Eric Lindstrom, "Introduction"
For Romanticists, the many interests of Stanley Cavell’s work include not only the pervasive concern with skepticism across all his books, but topics as divergent as understanding and incomprehensibility, acknowledgment, denial, withholding and secrecy, responsibility, forgiveness, gender, melodrama, horror, monstrousness, therapy, cinematic ontology, religion, secularity, and spectatorship. Two points of emphasis are maintained across his books. These are: the idea of skepticism as an unappeasable predicament one does not solve but lives (skepticism as a problem whose “answer does not consist in denying the conclusion of skepticism but in reconceiving its truth” [The Senses of Walden 133]); and the discovery that acknowledgement and avoidance are primary human orientations (often experienced through their equally human denial), with regard to which certainty and ignorance (the more visible and epistemologically-privileged terms of knowing) are evasions.
Four of the contributors to Stanley Cavell and the Event of Romanticism (François, Fry, Wilner, and Lindstrom) presented early versions of their essays as part of the “Stanley Cavell and Romanticism” panel, organized by Joshua Wilner and Eric Lindstrom, at the 2010 International Conference on Romanticism (ICR) held in Lubbock, Texas.
Paul H. Fry, "'A Modest Creed': Saving Skepticism in Shelley and Cavell"
Shelley and Cavell share the view that the imagination, visionary or otherwise, arises from a necessary basis in skepticism. What Shelley calls “Error and Truth” are historical; they are shaped by change and time. Only poetry, perpetually reconstituting veridical propositions as metaphor, can prevent the arteries of knowledge from hardening. Skepticism enables hope: our uncertainty about what life is (it is figured as death in Adonais) makes it possible to wonder whether death may not really be life. Apparently in contrast, Cavell emphasizes romantic disappointment with Kant’s “settlement” with skepticism, whereas for Shelley our inability to know the thing in itself is the very opening required for imaginative hope. Yet Shelley does not doubt the existence of things, only their identity, and also their “life,” and here he anticipates the argument of Cavell in In Quest of the Ordinary. For Shelley, as for Cavell, the visionary does not replace the ordinary but recognizes it anew. They differ from each other finally, however, in that whereas Cavell understands what Wittgenstein calls “criteria” for knowledge in semantic terms, Shelley sees them as typically semiotic: “almost all familiar objects are signs, standing not for themselves but for others” (“On Life”). The darker skepticism of The Triumph of Life anticipates deconstruction.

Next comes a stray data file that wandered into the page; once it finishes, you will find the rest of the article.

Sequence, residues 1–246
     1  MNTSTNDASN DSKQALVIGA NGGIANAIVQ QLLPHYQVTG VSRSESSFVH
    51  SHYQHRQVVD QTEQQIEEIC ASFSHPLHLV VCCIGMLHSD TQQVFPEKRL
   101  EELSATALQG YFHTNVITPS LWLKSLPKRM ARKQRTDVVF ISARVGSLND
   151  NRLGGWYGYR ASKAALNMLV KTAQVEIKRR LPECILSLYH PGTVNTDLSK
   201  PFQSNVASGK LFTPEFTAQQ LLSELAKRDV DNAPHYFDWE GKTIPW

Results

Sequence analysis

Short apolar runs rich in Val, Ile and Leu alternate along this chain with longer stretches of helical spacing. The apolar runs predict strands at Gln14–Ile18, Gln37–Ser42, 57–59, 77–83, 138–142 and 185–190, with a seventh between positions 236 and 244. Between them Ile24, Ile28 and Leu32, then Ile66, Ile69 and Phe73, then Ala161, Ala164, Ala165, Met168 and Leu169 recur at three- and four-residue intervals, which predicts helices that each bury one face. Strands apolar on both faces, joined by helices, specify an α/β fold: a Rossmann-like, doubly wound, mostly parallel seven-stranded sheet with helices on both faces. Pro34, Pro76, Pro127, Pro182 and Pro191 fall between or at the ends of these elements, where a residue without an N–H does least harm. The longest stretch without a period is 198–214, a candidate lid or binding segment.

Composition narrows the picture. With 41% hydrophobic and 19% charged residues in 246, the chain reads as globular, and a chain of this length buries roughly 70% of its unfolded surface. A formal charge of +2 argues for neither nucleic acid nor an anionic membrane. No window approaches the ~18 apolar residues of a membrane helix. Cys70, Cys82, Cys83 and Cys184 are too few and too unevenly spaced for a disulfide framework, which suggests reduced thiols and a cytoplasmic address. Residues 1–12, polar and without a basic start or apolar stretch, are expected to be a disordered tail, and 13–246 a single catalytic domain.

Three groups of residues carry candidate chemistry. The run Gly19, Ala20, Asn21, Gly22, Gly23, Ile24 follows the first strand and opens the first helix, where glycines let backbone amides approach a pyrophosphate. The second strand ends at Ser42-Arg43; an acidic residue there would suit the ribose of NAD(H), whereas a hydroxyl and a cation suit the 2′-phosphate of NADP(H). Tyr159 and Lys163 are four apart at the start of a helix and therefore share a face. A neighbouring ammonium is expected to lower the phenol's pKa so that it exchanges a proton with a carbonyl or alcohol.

Eric C. Walker, "Austen and Cavell"
Taking its departure from Stanley Goldstein’s adoption of himself as Stan Cavell, this essay argues that marriage and adoption are twinned locations where normative patterns of pairing and kinship are first unstitched and then rewoven in the necessarily elusive forms of Cavellian perfectionism. After a review of Cavell’s own belated engagements with Austen’s fiction, the essay offers, first, a reading of a central Cavellian trope, remarriage, in a novel he ignores, Persuasion; and, second, a reading of Emma as a novel preoccupied with adoption. Because Cavell does not attend to cinematic Austen, I pay special attention to the 2009 Jim O’Hanlon film of Emma and argue that both the novel and the film offer a human world in which adoption and marriage are isomorphic forms suffered by and available to, however elusively, the perfectionist quest.